Donating Sick Leave, Quirky Question #2

Quirky Question # 2:

One of our employees is quite ill, with a very serious illness.  She has used up all of her sick time.  She is well liked and several of her co-workers want to donate all of their sick time to her.  Are there any downsides to allowing these employees to donate their sick time?  Are there any downsides to disallowing these sick time donations?

Dorsey’s Analysis:

Proposed donations of sick time constitute a magnanimous gesture and are to be commended. But they raise a number of potential problems for the employer that should be considered before the sick-leave donations are approved. Set forth below are five questions an employer should consider when evaluating these types of requests. Like many employment issues, it is far better to think these issues through in advance, rather than addressing them only after a specific situation (and corresponding potential problems) have arisen.

First, what will the employer do if one of the employees who has donated all of his/her sick time also becomes ill or is in an accident? Will the employer simply insist that the sick time has been used up and force the employee to take a leave without compensation? How long might this unpaid leave last before the absences would affect the employee’s continued employment?

Second, as one of the Reader Responses reflected, you need to examine whether any employees are being pressured into “donating” their sick time by friends of the employee who is ill? What if the employee who “encouraged” others to donate their sick leave is a manager? Someone with hiring/firing responsibility? If an employee did not agree to “donate” his/her sick time, would their be any adverse consequences for that employee?

Third, what if the employee who is sick is herself a manager with disciplinary authority, or hiring and firing authority? Would employees being requested to “donate” sick-leave time to this individual feel comfortable rejecting this request?

Fourth, what precedent is the company establishing with regard to the Americans With Disabilities Act? That federal statute requires, in certain circumstances, that employers make “reasonable accommodations” to individuals with disabilities, assuming that the employers can do so without suffering an “undue hardship.” Would the additional leave provided to the sick employee be compelling evidence by a disabled employee in a similar job that allowing someone in this position additional compensated time off was a “reasonable accommodation” that did not cause the employer an “undue hardship?”

Fifth, is the employer creating risks for discrimination litigation if another employee also becomes ill, uses all her sick time, and then turns to the company to obtain additional sick leave from her co-workers? What if the company approved the extended leave for the first employee (based on the donated time from other employees) but, for valid reasons, rejected the extended leave opportunity for the second employee, who happened to fall into a protected class?

The motivations underlying the sick time donation idea are admirable. Perhaps the company will conclude that regardless of the potential for some of the types of problems identified above, those risks are outweighed by the generous and compassionate attitudes and behaviors being fostered by the sick-leave donations. But, an employer should be aware that this approach may lead to potential problems. These problems should be considered in advance, before they actually arise, so that the employer and the employees alike know how alternative situations will be handled. When these issues are considered carefully, the company may find that an alternative approach is preferable, perhaps by assisting the employee through the already existing short-term or long-term disability programs available at the company.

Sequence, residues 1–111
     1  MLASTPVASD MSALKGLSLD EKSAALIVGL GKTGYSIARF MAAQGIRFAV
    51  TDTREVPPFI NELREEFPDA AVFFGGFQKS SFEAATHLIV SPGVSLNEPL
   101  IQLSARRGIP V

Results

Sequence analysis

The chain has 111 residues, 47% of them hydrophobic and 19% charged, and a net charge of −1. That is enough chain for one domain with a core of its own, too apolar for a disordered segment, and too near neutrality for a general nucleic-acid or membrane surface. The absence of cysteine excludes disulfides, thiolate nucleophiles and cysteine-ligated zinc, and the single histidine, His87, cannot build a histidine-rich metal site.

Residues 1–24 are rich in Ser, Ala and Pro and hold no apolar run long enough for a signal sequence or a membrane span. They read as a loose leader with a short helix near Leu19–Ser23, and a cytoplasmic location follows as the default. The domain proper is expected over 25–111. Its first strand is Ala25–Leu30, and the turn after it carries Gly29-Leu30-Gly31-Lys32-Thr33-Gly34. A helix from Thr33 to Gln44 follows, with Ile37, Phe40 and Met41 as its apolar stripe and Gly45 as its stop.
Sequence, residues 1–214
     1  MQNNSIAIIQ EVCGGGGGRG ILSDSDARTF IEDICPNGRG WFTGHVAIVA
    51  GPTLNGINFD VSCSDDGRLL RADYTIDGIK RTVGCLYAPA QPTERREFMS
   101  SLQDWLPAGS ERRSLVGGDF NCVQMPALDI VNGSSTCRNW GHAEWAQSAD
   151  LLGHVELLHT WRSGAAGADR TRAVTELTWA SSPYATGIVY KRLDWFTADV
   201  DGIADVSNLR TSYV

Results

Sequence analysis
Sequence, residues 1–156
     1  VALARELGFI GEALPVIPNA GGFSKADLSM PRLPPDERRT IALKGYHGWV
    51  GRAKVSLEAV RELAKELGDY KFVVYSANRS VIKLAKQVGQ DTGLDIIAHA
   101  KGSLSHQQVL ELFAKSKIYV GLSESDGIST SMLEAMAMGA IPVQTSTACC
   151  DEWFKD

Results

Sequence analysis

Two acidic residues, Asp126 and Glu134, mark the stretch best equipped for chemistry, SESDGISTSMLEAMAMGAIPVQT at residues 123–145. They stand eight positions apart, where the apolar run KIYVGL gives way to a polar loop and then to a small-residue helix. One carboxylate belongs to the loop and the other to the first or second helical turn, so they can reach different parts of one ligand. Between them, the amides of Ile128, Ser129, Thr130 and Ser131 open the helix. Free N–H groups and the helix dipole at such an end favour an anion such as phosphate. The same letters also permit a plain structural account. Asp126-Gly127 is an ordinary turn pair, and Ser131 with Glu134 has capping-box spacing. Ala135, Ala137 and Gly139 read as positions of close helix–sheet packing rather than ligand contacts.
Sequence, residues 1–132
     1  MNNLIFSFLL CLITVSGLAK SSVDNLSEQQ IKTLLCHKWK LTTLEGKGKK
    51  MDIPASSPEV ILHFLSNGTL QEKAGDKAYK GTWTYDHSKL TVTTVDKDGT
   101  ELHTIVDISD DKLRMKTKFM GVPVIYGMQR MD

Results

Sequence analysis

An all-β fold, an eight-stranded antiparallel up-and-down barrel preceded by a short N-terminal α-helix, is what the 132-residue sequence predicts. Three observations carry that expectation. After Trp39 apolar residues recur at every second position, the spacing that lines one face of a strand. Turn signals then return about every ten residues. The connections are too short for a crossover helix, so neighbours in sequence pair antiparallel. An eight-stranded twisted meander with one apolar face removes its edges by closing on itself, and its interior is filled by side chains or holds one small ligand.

Readers’ Responses:

Response # 1: Why wouldn’t you want to encourage employees to help each other?

Response # 2: On the surface, leave donation appears to be a great idea and they appeal to a great many. However, such programs breed ill feelings over the long haul. When you allow employees to donate leave, many develop the expectation that sometime in the future, it will be returned when needed. This is rarely the case and hence, the ill feelings start to develop.

Without intention, employees often experience undue pressure to donate, even when they don’t want to. It is similar to the feelings of a United Way campaign. The intentions are good; however, some employees believe in donating in other ways and can feel pressure from peers and supervisors to donate.

There are also the situations where employees abuse their leave, then find themselves in a position of needing more leave, so again employees may feel pressure to donate leave even though the employee could have avoided the situation by being more responsible.

Finally, there is the fairness issue. Who will be in charge of requesting donations and will the vigor in solicitation be the same for everyone?

As you can tell from my reasons listed, I have always been against leave donation programs. However, to ensure an individual is not left out in the cold, short-term and long-term disability plans should be considered and added to the benefits plan. These programs are one of the tools that can be used to keep ill feelings out of the workplace.

Response # 3: My experience with sick leave donations is that they create a nightmare issue for the tax folks in the payroll deparment. There are tax issues relating to passing along sick days and other paid vacation days from one employee to another. This illustrates another reason why our company will not allow these types of leave donations.

Dorsey & Whitney

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